If an employer has not heard from its 401(k) record-keeper about the restatement deadline, “the time to make phone calls is now,” Leon added.

“One of the key problems with the IRS pushing employers into preapproved plans is that these documents are hundreds of pages long and not necessarily organized in a manner that is intuitive and easy to follow from an employer’s perspective,” Caresani said.

Lengthy Lead-In Time to Deadline

The deadline for updating plans is “more of a vendor issue than an individual employer/sponsor issue,” said Paul Hamburger, an attorney with Proskauer in Washington, D.C.

Document providers who sell preapproved plans update the plan in its entirety once every six years and request a new opinion letter from the IRS. The IRS generally approves all updated defined contribution plans at the same time.

The remedial amendment cycle is a concept the IRS created after Congress passed the Pension Protection Act of 2006 to help manage its workload, Caresani said. The IRS established a six-year remedial amendment cycle for preapproved plans, she explained.

The lead-in time for the April 30 deadline is lengthy. Most opinion letters for the latest round of preapproved defined contribution plan amendments were issued on March 31, 2014. Employers had more than two years, until April 30, 2016, to adopt these updated plans. After April 30, 2016, if an employer hasn’t adopted a restated plan, its plan does not comply with the tax laws and may be ineligible for tax benefits, states the IRS.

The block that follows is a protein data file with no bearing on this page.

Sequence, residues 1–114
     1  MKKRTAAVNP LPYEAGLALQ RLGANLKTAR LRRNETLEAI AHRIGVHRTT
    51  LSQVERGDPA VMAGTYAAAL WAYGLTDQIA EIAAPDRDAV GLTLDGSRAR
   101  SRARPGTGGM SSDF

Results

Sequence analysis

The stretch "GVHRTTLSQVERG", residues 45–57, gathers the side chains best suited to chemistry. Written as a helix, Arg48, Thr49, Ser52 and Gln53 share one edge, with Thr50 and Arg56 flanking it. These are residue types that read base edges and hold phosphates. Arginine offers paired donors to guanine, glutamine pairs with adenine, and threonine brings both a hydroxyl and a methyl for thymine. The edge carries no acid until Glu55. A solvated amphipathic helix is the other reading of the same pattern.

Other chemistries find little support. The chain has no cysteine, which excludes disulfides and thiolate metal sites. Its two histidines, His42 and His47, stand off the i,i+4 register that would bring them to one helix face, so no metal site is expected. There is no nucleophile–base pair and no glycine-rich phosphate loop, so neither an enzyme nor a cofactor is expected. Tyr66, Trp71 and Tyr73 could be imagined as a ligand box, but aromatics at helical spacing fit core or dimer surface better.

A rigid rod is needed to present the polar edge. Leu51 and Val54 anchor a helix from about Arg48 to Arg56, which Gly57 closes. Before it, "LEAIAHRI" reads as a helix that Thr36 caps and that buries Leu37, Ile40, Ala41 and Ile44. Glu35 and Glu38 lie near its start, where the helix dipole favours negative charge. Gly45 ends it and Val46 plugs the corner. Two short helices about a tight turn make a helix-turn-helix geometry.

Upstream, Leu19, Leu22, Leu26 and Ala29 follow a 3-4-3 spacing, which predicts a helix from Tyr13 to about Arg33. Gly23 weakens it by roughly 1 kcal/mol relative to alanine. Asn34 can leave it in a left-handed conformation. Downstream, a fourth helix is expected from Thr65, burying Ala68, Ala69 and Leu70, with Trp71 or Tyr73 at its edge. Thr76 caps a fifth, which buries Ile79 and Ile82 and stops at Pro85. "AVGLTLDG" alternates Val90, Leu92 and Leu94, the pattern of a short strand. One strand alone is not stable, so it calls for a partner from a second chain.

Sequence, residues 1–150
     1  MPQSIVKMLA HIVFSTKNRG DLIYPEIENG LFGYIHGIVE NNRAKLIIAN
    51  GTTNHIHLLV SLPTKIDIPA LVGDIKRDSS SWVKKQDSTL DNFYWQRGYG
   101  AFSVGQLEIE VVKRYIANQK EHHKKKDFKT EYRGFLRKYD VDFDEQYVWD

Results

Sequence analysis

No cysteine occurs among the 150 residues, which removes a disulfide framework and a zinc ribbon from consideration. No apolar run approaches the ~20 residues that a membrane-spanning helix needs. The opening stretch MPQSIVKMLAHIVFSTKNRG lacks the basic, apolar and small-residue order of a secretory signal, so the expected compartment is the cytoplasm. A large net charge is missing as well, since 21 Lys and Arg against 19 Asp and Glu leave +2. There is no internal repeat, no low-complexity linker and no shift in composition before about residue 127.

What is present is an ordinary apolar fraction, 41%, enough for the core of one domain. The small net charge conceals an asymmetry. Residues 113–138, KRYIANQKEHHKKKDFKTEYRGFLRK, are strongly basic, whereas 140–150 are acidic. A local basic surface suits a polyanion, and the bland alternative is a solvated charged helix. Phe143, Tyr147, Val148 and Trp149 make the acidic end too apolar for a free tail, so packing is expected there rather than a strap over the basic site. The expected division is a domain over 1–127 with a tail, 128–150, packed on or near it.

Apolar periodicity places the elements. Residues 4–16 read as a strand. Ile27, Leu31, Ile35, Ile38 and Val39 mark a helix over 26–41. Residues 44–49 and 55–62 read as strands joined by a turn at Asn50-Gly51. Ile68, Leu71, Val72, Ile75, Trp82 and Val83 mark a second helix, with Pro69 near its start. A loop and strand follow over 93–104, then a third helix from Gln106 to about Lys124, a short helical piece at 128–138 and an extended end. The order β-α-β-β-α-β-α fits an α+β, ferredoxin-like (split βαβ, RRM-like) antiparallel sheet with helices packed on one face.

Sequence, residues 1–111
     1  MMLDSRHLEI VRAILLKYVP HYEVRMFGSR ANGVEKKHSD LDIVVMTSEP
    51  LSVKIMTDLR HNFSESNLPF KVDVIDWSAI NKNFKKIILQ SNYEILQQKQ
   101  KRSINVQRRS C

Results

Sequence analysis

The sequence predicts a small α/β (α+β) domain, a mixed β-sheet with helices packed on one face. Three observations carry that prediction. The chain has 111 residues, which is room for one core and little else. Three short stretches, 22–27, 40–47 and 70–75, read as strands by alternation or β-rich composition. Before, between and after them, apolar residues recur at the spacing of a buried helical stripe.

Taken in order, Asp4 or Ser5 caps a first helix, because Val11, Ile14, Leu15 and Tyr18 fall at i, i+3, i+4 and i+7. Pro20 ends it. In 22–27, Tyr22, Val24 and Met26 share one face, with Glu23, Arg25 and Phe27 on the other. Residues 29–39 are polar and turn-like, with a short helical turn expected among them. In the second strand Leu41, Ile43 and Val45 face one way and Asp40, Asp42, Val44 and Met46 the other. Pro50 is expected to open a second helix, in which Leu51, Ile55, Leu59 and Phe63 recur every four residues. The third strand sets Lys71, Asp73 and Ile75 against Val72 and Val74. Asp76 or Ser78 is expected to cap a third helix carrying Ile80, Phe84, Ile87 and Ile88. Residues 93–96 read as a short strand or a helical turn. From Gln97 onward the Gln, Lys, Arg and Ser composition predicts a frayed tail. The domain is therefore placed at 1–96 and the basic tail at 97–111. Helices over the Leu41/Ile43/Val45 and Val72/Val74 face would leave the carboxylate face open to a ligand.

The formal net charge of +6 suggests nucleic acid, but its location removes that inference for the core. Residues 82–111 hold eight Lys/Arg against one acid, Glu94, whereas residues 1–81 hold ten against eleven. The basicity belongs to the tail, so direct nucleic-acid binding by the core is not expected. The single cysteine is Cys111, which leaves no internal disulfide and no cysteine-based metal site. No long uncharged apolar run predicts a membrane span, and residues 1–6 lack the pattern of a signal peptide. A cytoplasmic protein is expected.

Fallout from Phase-Out

The phase-out of individual determination letters leaves many questions, Hamburger observed. These include:

  • Will plan sponsors be able to provide assurances as to plan qualification going forward for purposes of audit letters, corporate transactions or other agreements where a representation as to plan qualification has to be made? In the past, it was enough to provide a copy of the IRS determination letter. Will such existing letters be accepted in the future?
  • If plan sponsors cannot rely on determination letters for ongoing plans, will that cause sponsors to conduct more voluntary compliance reviews to ensure that plan operations are in order?
  • Will the lack of an IRS determination letter program lead to greater scrutiny of plan documentation and operation when the IRS or any other agency conducts an audit?
  • Will there be an increased use of preapproved prototypes?

Caresani said, “Employers that have individually designed plans have them for a reason, and it may be hard to pound a square peg into a round hole.”

She explained, “There are many alternatives that are permitted under applicable law but not included in preapproved plans.” For example, employee stock ownership plans have so many unique provisions that they were not permitted to be maintained in preapproved plans until recently, Caresani said. “Forcing employers into preapproved plans restricts them from establishing plans in a manner permitted by Congress,” she noted.

Allen Smith, J.D., is the manager of workplace law content for SHRM. Follow him @SHRMlegaleditor.